Tuesday, October 28, 2014

Hang On

If you haven't read yesterday's post, start there. This is one of those things where I'm progressing, or building on a theme. Christ calls us to go in two directions at once - to be the saved only because we are the sinner - and this pulls us in two directions, not unlike Christ Himself as He was crucified on the Cross. This stretching pulls us toward a place of death.

A death which is necessary if we ever hope to live.

Once we find ourselves in this situation, once we have been drawn in both directions, once we have stretched and reached as far as our fallen flesh will let us, there are still two more things we must do. I will discuss one of those today (and the other, you might have guessed, tomorrow). 

The first is something I don't think we give Jesus enough credit for. It's the part of the Cross that we sort of skip right over, and yet, for those of us who bear a burden every day, it is one that cannot be overlooked. Between the moment Christ gave Himself to the Cross and the breath where He submitted to it, He was doing something very important:

He was hanging on.

Clearly, He had no choice. There were a few pesky nails that eliminated any other option, but for several hours, there He was. Just hanging on.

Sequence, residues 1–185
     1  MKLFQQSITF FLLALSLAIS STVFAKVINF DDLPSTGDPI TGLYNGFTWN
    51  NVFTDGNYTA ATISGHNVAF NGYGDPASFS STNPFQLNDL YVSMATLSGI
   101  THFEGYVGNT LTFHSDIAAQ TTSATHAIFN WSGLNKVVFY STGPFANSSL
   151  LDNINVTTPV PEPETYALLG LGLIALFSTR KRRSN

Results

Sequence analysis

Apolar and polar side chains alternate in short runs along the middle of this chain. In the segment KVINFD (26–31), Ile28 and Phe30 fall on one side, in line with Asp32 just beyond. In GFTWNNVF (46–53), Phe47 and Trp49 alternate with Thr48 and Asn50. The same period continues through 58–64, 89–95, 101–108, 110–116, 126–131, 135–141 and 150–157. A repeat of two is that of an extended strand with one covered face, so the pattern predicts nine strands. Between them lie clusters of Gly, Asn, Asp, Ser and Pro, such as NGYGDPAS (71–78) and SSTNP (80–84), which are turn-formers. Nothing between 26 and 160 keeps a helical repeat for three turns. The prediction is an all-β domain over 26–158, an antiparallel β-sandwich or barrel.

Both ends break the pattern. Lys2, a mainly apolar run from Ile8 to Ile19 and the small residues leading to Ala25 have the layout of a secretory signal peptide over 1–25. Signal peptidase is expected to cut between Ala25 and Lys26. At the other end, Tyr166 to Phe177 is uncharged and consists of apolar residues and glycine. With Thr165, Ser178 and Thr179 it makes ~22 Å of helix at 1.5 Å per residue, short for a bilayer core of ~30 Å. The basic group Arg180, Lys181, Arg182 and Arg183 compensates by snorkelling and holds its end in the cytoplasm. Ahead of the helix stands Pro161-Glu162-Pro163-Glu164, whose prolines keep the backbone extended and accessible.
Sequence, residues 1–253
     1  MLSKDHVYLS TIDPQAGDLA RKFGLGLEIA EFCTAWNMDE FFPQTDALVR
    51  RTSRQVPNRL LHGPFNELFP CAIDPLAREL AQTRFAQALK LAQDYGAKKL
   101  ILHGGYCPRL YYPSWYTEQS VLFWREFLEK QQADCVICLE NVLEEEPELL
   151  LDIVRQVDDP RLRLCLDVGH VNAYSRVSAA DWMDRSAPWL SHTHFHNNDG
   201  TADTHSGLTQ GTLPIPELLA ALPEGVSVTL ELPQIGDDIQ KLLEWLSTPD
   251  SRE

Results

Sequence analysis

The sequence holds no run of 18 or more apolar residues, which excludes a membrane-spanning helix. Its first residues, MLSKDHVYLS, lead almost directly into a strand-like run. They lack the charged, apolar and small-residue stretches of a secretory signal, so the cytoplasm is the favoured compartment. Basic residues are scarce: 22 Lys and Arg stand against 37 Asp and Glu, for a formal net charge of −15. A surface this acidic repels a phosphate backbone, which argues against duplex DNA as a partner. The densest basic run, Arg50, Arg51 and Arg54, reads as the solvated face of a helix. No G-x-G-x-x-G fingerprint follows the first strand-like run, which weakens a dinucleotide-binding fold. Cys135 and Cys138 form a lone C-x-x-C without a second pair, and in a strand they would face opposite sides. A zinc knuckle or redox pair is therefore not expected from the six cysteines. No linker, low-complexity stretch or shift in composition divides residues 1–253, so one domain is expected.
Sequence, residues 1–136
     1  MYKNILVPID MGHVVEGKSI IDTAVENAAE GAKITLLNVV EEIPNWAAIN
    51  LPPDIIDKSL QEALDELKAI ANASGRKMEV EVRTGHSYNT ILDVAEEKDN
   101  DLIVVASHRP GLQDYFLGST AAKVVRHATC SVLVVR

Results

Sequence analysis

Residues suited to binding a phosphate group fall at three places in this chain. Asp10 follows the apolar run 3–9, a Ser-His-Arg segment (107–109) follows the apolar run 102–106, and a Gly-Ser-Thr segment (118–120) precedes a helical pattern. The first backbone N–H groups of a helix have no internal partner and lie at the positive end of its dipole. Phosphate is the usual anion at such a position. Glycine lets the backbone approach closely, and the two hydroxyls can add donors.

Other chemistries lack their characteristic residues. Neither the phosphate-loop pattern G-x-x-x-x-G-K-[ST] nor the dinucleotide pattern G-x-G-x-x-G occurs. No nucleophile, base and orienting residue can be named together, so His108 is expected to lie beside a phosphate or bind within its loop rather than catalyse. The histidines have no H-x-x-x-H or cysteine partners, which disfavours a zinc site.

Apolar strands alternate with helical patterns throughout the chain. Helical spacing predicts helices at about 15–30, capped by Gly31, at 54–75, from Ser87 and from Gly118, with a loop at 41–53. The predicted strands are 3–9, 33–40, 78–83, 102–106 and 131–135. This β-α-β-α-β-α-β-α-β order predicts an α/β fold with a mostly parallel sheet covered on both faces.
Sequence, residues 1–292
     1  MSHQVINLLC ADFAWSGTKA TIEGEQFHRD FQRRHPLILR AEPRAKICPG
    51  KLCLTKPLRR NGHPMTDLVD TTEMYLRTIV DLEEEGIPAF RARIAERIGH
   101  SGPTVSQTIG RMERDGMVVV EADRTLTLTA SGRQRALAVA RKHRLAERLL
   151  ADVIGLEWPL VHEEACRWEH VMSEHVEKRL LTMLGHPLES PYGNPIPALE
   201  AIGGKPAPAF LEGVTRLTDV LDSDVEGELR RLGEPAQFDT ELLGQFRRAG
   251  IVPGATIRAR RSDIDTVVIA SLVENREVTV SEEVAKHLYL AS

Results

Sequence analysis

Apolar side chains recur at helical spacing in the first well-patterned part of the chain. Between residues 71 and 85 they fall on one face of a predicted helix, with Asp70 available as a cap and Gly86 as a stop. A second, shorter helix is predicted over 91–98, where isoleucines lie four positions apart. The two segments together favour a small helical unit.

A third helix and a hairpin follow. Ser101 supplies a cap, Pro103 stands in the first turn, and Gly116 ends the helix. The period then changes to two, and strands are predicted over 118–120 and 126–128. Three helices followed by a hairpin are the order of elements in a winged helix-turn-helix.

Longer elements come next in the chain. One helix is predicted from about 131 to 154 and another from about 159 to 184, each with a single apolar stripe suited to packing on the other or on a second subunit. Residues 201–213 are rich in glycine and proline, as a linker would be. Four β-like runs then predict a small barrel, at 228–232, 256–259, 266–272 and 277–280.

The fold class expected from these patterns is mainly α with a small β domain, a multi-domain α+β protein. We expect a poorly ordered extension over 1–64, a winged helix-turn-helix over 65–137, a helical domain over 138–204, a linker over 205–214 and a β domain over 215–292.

Hanging on is a critical time. It's that space between stretching and surrender. You've been drawn as far apart as you can be, pulled in two opposite directions, trying to learn to embrace both. For Jesus, still loving the sinner on His left and the one on His right. Torn between two extremes. On the one hand, this; on the other hand, that; from both hands, bleeding. Feeling the ache and the pain in your body. Feeling the tension. And choosing to stay.

Nails or no nails, choosing to stay. This is where most of us run. This is where we exercise our sovereign authority, our free will, and pull ourselves down. This is where we reflexively save ourselves from the Cross. We can't stand this tearing, so we tear ourselves down. 

There's something special happening here, though, and it's what we so often miss out on when we're too quick to step down instead of hang on. It's the time we need to figure out what it feels like to really believe in God. To really trust Him. To be a little bit less ourselves and a little bit more His.

Some say that God's work on the Cross was done when Jesus died there, but that's only when it was finished; God was doing His work on the Cross while Jesus hung there. The revelation was already unfolding. It was being revealed in this sacred space where a Man is becoming God's. 

We don't put enough emphasis on becoming these days. We don't have much patience for the process. We want faith, like we want all things in life, to be a before and after, a yesterday and today. We want it to be a moment, a blink of the eye, a flip of the switch. We want to be fallen, sinful, sorry men and in the next breath, be wholly, fully redeemed. And life doesn't work that way. Faith doesn't work that way. God doesn't work that way. 

Sure, there's redemption and in one sense, we are redeemed from the very breath we speak faith. But in the more real, tangible, everyday-aching kind of way, this whole life is a process of faith. We are always in a process of becoming. We are, for most of our lives, hanging on. 

Don't be so quick to overlook this season of your life, this hanging on. It's agonizing, sure, but something beautiful is happening here. Something incredible is happening here.

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